Today we take a close look at “power”, which is one of those words that everyone says but few people fully understand. Or at the very least, people tend to have many different meanings for “power”, which shows up somewhat differently depending on what quadrant you are looking at, and what altitude you are looking from.
And as is often the case with integral discussions, we naturally start thinking about power in terms of some fundamental polarities, many of which we will explore today. Because there is often a critical tension between these different meanings and modes of power — Individual power and collective power, interior power and exterior power, and so forth. And by looking at these as polarities, we can better understand how to integrate power, and how to avoid the dangers when any of these poles become un-integrated from the others.
And we should mention straight away that one of the Green stage’s major strengths is that it is particularly tuned in to the many abuses and excesses of power in the world, and rightfully points out that the world really is made of power structures – and those power structures can sometimes be destructive or even oppressive dominator hierarchies. This is itself a positive evolutionary development — as Ken has said before, one of the primary roles of green is to “sensitize” the spiral as we prepare to take that momentous leap into integral stages. In fact, it’s job may be in a sense to help clear the path of malignant power structures that would prevent the emergence of something like integral in the first place. In which case, Green is not only “post-modern”, but also “pre-integral” (which is something I like to remember whenever I feel like I need to get Green out of my shadow).
But green’s weakness is that it tends to only see power structures, and is often totally allergic to power structures of all kind. It assumes that all hierarchies are dominator hierarchies — those nasty, brutal, oppressive hierarchies. Everything is a dominator hierarchy — other than its own hidden moral hierarchies, of course. Which may actually be a leverage point for us integralists to help green become more healthy again — to remind them that their own values and moral reasoning are themselves a product of growth hierarchies, and we want to preserve those growth hierarchies if they want more people to adopt those sorts of values and morals in the future. (And, of course, to remind them that they are supposed to actually be “pluralistic” and capable of holding multiple perspectives, including perspectives they may disagree with, and which might help slow their regressive descent into Amber absolutism.)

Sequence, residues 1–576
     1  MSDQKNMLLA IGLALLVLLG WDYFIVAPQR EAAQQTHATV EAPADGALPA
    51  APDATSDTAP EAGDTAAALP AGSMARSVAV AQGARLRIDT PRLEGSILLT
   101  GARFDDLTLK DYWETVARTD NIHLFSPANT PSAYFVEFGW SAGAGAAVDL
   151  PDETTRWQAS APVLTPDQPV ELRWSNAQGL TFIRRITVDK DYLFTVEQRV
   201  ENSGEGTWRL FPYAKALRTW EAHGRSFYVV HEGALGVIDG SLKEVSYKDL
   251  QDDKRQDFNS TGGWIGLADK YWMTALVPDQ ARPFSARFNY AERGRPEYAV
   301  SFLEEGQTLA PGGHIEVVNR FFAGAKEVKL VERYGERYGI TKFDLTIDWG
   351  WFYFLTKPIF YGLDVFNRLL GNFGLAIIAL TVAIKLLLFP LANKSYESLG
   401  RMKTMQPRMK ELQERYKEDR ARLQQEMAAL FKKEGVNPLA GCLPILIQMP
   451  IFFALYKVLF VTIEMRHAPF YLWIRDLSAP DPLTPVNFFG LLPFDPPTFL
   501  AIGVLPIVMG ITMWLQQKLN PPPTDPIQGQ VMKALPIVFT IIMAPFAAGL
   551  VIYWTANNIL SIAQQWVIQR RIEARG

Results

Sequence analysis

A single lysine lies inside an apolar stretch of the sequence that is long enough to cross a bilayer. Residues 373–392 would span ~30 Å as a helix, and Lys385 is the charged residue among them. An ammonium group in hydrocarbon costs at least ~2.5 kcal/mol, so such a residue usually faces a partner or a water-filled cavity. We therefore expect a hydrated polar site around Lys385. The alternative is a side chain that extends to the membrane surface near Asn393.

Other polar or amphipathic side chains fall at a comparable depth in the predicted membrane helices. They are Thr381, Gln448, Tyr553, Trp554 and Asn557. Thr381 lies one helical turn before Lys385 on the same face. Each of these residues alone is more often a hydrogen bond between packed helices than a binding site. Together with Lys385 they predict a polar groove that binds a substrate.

By having conversations like these, we are hopefully planting the seeds for a genuine Integral Critical Theory, one that is capable of looking at all facets of power — healthy power and unhealthy power, up and down the spiral, across all types, in all four quadrants, and even in all eight zones. It is an approach to power that includes the very real concerns of Green, but transcends the limitations of Green. It includes the concerns of Orange, but transcends the limitations of Orange. It includes the concerns of Amber, but transcends the limitations of all these first tier stages, each of which is locked into its own absolutistic idea that its views and values are the only correct views and values.
Our hope is that by having conversations like these, and by practicing what we might call “the power to integrate”, people coming from different political persuasions can lean in and find something to agree with. It is a genuinely “everyone is right” conversation – if we have the capacity and the epistemic humility to re-think some of the things that we may be getting wrong.
Part 1: Integrating Power
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“Power” tends to have very different meanings to different people, depending on what quadrants and what stages we are enacting the word from. Which means that, whenever people are discussing power in the world, there’s a good chance they are talking across each other, because each participant has a slightly different idea of what power means in the first place. Which is why today we will look at power through these multiple quadrants, zones, and altitudes, and discuss some of the most critical polarities, perspectives, and practices that inform our relationship to power, both within ourselves and in the world around us.